when they live together many years and publicly present themselves as
married, there are witnesses. . . .  And the author [of the lenient
ruling] has an obligation to publicize that [others] should not rely on
his decision, for any decision based on this is an aveirah (trans.- sin)
 . . . ."

   					Menachem Lazaroff


From: Zev Budnitz <wbudnitz@...>
Date: Fri, 6 Jan 1995 11:02:44 -0500 (est)
Subject: Shul Marriages

I was happy to read that someone finally cleared up the confusion about 
the source of not getting married in a shul. ( I have since deleted the 
message and I have forgotten who wrote it.) The source was indeed the 
Chasam Sofer who included this as one of his decrees to protect orthodoxy 
against the inroads of the reformers (who were known as "neologues" in 
his time and place). However, contrary to that writers opinion that it is 
entirely irrelevant today, there are still many Rabbonim from the 
"Austro-Hungarian Chasam Sofer" school that still adhere to his decree. 
As a case in point, my own wedding did take place in a shul and was 
attended by, (and officiated by) Roshei Yeshiva and Rabonnim from the 
most right wing of the spectrum. There was one Rav, however, that 
politely declined from coming to the Chuppa out of defference to the 
Chasam Sofer. He did come to the rest of the Chasuna.
I am somewhat confused as to why R' Dovid Lipchitz zt"l did not mention 
the Chasam Sofer when the issue came up.

There was an interesting (and revealing) story that revolved around this 
particular decree. A couple from the Pressburg community came to the Chasam 
Sofer to tell him of their impending marriage. They told him, however, of 
their strong desire to get married in a shul. The Chasam Sofer told them 
that he forbids it and if they did not heed his wishes he would not 
attend the wedding. The couple refused to concede and continued to beg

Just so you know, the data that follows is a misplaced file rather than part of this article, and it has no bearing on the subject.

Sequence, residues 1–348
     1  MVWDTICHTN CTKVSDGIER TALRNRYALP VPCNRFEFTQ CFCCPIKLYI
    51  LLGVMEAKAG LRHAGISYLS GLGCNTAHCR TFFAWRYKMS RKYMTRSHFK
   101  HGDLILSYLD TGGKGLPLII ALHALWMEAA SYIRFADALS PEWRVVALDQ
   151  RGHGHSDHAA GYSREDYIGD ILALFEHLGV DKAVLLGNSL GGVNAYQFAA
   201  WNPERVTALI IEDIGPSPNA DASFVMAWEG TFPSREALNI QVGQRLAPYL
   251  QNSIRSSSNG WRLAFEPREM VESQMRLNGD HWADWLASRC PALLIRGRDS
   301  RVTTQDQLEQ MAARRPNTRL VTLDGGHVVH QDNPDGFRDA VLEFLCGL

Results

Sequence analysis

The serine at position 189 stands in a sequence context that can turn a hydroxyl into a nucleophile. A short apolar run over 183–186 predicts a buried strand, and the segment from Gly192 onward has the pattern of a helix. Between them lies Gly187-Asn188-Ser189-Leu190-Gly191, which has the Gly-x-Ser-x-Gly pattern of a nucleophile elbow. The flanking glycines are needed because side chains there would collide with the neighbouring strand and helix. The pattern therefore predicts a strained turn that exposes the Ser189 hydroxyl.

the Rav's consent and participation. The Chasam Sofer became sharp with 
them and told them "..you will be married the way you want, but you will 
have gentile grandchildren..".
The couple did marry in a shul, as they desired. As time went on the 
children of this couple became irreligious and married out of the faith. 
The Rav's prediction came true, the couple did indeed have gentile 
Needless to say, the people of Pressburg started to talk about the "ruach 
hakodesh" (divine inspiration) of their Rav and how he was able to 
fortell the future of this unfortunate couple. When the matter was 
brought to the Chasam Sofer's attention he said that this was not a 
matter of "ruach hakodesh" or the like. It was obvious, he said, from the 
couples adament attitude from the beginning. If they were so strongly 
inclined to be like the "others", even if, in their mind, they felt that 
these were spiritual motivations, then there was something wrong at the 
core. I knew, therefore, what this would lead to....

There are many more stories and D'roshos that emphasize this theme, but 
I am afraid that I reaching the legal limit for the size of mj mail. I 
would hate to be truncated by the honorable administrator! <G>

 Zev Budnitz


From: <DARDASHTI@...> (Ephraim Dardashti)